Redglass Pictures teamed up with Neil deGrasse Tyson to produce a 4-minute film that communicates something that I have been feeling for awhile. Tyson calls this “maybe the most important words he has ever spoken”. The film covers the recent rise of science denial in this country.
“That’s not the country I remember growing up in. Not that we didn’t have challenges… But I don’t remember anytime where people were standing in denial of what science was.”
Indeed, Neil. I too watched Neil Armstrong set foot on the moon. I was one of the first to actually use the Internet, then the World Wide Web. I used cell phones when they were so novel that people would stare at me using one discreetly in Wal-Mart.
“This is science, it’s not something to toy with! It’s not something to say “I choose not to believe E=mc², you don’t have that option!” …it is true whether or not you believe in it, and the sooner you understand that, the faster we can get on with… how to solve the problems that face us.”
Once had a friend – he is still a great, smart friend – that when I brought up a conversation from some 10 years or so earlier, I asked him if he still believed that global warming was a hoax. His reply was, “No, but it shouldn’t be a religion either.” I’ve thought about that remark a lot, and it reminds me of this Carl Sagan idea:
Science is not only compatible with spirituality; it is a profound source of spirituality.
My friend is right in a way. I believe that religion builds policies, procedures, and systems around spirituality, but not in a scientific method sort of way.
Religion doesn’t establish or even create morals, it establishes trusts. Throughout history and various cultures, these trusts between others in the tribe have moved civilizations forward, and sometimes backward. Two steps forward, one back.
It’s time to accept science spiritually. We have bigger things to do.
John is a Magna Cum Laude graduate of the Hartt School of Music with a degree in Music Theory and Piano, and graduated with distinction from Butler University’s Jordan College of Fine Arts with a master’s degree in Orchestral Conducting.
John has been serving as the Music Director for the Fort Smith Symphony for 20 years, and along with the musicians, staff, board of directors and community, he has led a transformation of a small community symphony to a large fully professional regional orchestra.
John and the orchestra has received the League of American Orchestras’ Helen M. Thompson Award; the Mayor’s Achievement Award, and the Mayor’s Civic Center Award for the Performing Arts. John is the recipient of the 2012 Governor’s Arts Award “Individual Artist Award.”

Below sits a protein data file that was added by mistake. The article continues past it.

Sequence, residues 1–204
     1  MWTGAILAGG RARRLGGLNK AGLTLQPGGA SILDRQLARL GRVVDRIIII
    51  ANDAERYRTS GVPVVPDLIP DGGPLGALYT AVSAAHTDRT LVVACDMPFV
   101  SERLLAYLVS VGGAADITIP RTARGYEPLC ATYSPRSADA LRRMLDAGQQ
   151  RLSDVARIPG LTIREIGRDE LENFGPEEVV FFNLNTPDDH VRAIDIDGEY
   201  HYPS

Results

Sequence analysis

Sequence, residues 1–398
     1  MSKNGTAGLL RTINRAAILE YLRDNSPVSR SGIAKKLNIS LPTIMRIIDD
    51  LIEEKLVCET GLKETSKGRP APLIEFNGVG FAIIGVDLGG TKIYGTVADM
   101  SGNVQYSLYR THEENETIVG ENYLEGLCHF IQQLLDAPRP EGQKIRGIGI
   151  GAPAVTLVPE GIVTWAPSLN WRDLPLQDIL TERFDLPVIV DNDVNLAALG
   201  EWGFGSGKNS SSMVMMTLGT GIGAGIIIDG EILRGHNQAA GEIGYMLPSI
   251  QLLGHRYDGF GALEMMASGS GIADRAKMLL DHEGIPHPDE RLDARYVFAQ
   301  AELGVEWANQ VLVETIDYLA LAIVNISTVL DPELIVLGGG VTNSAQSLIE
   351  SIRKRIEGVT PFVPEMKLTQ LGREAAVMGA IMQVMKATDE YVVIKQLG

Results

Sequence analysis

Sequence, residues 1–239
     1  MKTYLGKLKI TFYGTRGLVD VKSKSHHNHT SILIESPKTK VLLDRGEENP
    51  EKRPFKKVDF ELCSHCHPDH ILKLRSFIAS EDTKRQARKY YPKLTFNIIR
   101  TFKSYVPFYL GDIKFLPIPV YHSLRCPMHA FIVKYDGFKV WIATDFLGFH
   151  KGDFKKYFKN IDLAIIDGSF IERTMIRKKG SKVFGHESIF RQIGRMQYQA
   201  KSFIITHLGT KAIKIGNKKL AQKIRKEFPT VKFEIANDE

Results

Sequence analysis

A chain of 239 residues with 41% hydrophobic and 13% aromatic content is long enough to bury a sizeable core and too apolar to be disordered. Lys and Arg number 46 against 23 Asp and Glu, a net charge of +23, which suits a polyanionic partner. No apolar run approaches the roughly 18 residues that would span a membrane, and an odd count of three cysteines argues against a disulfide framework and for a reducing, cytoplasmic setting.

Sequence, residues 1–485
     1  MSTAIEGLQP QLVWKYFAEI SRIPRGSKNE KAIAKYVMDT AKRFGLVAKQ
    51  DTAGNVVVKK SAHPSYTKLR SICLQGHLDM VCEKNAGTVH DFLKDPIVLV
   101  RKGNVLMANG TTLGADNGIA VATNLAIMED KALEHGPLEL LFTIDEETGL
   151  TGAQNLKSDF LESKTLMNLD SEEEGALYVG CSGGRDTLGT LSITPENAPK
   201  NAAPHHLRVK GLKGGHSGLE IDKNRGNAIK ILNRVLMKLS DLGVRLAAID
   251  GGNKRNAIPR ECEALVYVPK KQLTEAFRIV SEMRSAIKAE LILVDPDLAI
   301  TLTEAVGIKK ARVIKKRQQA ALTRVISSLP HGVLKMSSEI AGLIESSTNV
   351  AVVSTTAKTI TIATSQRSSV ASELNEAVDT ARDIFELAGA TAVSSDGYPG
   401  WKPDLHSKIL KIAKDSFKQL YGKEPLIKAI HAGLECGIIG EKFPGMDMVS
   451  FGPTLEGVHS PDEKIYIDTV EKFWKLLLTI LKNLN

Simply a great show. We talk music of course, but also the planning logistics of creating the shows, the travel of musicians, importance of attention to detail, how John got his start, and art. Some World War I & II stuff is thrown in as well.
Welcome to Season 1, Episode 4 of TBC: The Podcast.
First off, I want to thank everyone for all of the feedback. Don’t forget to rate the show on iTunes, and let us know WHO or WHAT you want to hear.
In this episode, we talk with Clint Sharp in his cool home in beautiful Montclair, Oakland, California. I have known Clint for about 20 years, both as a colleague and friend.
Clint is Director of Product Management, Big Data & Operational Intelligence at Splunk, a San Francisco-based big data analysis company.
Clint is an intensely curious autodidact, accomplished in whatever suits his interests. Genuinely one of the most intelligent people I know.
We spend talking about big data, product management, Splunk of course, and a LOT of movies.
I hate cabs. The end of the ride was always uncomfortable. Digging a credit card or cash out of my pocket, then mentally figuring out a tip is unnecessary and frequently uncomfortable. And then, the frequently higher fares.
Uber came along and streamlined this process and made it almost a joy. Once I summon an Uber, that’s it. I know where the car is and how long before it arrives. I know when it arrives. I get in the car, and the driver already knows the destination. At the end of the ride, there is no worrying about finalizing the transaction with grubby cash or clumsy credit card transactions. You simply get out of the car. It’s like getting a ride from a buddy.
Clean, friendly, and frictionless. No need to be crass with money.
But then I discovered this. Drivers get to rate the passengers. I always thought that if when I unexpectantly throw up in an Uber, my other more frequent uses where I am a normal, friendly citizen would at least keep me in that 4+ star rating. What Uber doesn’t tell you – and won’t – is that the drivers can solicit tips, and some are penalizing you for not tipping.
Now, a new ruling means that drivers can place signs in their cars informing passengers that tips are not included. It might as well say “if you don’t tip me, expect a poor rating, and no Uber driver will ever pick you up again except for the serial killer Uber drivers.”
This almost kills the deal for me. Might as well use Lyft. At least Lyft’s app has a way to add a tip, and that’s a whole lot easier than with the cab’s credit card machine or grubby cash.
Not saying I will not use Uber anymore, but it just lost one of it’s very appealing features. I don’t want to get on a soapbox about the entire cockamamie tipping system, but the idea of the driver being passenger rated that works so well in other businesses like ebay, AND being paid enough to not require tips is a much better system.